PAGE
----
China’s growing status as a U.S. rival on so many fronts makes U.S. foreign and economic policy look ridiculous. Why exactly would the lead power, in its quest to prevent the emergence of rivals, continuously pick fights with major powers around the globe? Russia’s economic distress is far too acute for it to pose a threat to U.S. hegemony, while the Europe Union is far too divided to challenge America. Yet, by continuously jousting with not only all the major powers, but also numerous strategically important secondary nations (including its neighbors and numerous historical allies), America is bound to gradually isolate, and thus weaken, itself. As every school kid knows, the bully in the sandbox gets away with his behavior until his would-be victims talk to each other. Once that happens, the dynamics change rapidly and irreversibly. The world becomes a very different place.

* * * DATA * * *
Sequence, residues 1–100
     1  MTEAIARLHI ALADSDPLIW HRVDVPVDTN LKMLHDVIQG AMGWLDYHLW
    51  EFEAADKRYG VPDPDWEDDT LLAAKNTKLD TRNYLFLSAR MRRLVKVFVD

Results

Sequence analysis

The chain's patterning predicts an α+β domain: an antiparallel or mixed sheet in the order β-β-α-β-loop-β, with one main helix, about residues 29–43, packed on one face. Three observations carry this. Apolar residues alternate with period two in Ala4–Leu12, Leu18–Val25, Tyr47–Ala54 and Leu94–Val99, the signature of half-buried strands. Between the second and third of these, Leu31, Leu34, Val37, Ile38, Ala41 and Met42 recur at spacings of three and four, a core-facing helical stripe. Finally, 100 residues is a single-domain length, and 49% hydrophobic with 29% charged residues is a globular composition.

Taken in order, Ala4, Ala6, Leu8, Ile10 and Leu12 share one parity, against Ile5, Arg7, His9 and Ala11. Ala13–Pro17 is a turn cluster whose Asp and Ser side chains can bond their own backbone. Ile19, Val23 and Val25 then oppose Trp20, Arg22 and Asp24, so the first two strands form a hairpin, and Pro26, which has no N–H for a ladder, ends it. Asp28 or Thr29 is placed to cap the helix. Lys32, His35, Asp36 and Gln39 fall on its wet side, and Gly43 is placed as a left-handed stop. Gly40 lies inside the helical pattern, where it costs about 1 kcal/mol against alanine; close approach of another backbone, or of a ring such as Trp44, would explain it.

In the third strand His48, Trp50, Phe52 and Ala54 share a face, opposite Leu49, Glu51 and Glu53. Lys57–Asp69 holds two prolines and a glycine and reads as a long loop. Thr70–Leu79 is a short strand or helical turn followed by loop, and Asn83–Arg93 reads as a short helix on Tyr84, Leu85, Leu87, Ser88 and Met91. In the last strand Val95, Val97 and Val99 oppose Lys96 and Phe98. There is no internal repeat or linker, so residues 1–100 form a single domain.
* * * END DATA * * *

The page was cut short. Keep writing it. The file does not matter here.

Now, none of what I’ve said so far is meant to suggest that a different world will be a better world. All I’m suggesting is that the era of American dominance over virtually all industrialized countries is ending. Perhaps the migration from a unipolar world to a bipolar one, in which America and its remaining allies stand opposite a Chinese-dominated axis, will occur faster than expected, and perhaps it will unfold over a period of a decade or even two. But whichever way it will manifest, one thing seems assured: the transition, however long it takes, will be messy and generate enormous headline noise.